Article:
Ypres

The town of Ypres (Ieper in Flemish) grew up in the middle ages and was an important town by the 16th century. Fortified in medieval times and later strengthened with bastions and a citadel by the Spanish, Ypres was a strong fortress by the 17th century.

Ypres viewed from the west.

When the town was annexed by France in 1678, Vauban made some radical modifications to the defences. He demolished the citadel, deeming it inappropriate as it was not situated on high ground, and built a hornwork in its place. In addition to strengthening the town's defences in many places, Vauban made sluices for inundations protecting the town. The order was given to demolish the fortifications in the late 19th century, but the work was carried out half-heartedly and roughly half of the fortifications were never demolished, remaining to this day. The surviving section of fortifications includes the Menin Gate, a massive monument to the fallen soldiers of the Great War, built on the site of Vauban's original gate (which was called the Antwerp Gate at the time).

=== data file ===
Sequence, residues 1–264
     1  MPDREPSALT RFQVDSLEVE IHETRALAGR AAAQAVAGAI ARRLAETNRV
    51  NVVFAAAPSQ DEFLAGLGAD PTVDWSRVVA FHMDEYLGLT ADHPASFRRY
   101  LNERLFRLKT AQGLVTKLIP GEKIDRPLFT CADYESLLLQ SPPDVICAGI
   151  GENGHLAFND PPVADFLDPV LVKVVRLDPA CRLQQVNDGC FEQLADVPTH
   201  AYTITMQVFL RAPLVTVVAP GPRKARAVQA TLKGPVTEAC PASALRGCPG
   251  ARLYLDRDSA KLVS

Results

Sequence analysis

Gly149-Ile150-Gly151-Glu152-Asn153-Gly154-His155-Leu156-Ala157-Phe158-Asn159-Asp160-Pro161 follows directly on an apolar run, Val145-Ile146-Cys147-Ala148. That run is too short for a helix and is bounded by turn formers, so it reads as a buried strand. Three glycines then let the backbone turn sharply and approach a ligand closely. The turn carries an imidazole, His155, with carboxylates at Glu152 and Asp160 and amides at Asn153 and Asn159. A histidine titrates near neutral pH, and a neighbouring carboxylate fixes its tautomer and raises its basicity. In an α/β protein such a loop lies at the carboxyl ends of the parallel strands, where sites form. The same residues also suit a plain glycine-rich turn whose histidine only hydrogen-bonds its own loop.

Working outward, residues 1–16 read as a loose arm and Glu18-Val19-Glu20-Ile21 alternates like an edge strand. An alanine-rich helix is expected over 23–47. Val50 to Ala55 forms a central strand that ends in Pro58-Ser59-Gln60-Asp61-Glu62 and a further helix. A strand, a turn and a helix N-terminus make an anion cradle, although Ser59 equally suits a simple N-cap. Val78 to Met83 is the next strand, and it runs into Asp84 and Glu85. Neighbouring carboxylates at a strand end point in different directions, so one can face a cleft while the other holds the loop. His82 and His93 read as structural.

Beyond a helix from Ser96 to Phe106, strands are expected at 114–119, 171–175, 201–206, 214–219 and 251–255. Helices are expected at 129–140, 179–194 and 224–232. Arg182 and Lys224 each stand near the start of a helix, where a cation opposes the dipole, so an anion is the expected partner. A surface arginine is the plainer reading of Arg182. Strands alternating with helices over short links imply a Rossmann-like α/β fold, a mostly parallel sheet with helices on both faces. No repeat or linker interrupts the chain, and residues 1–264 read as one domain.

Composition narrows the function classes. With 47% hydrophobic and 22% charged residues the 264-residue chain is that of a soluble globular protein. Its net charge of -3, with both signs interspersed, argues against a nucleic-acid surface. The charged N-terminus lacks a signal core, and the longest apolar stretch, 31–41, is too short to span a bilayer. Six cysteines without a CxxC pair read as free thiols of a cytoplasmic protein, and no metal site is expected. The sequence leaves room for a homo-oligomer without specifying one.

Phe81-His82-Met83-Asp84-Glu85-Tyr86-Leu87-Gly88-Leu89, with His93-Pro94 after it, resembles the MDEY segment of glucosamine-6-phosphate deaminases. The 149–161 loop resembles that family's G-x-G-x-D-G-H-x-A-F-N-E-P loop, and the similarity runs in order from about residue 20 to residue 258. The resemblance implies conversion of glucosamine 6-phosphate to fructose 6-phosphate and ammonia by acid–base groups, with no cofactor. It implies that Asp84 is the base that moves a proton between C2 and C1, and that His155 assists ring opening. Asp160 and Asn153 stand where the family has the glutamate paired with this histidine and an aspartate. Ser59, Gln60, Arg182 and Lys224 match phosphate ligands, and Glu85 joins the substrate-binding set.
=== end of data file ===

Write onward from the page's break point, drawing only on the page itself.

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Ypres as seen from the north-east. Ypres from the south-east.
Ypres seen from the north-west. Detail of a hornwork on the western side.
A lunette in front of the defences in the south-west. The Menin Gate is just to the right of the hornwork, but the bridge from the demi-lune to the walls is missing from the relief map.
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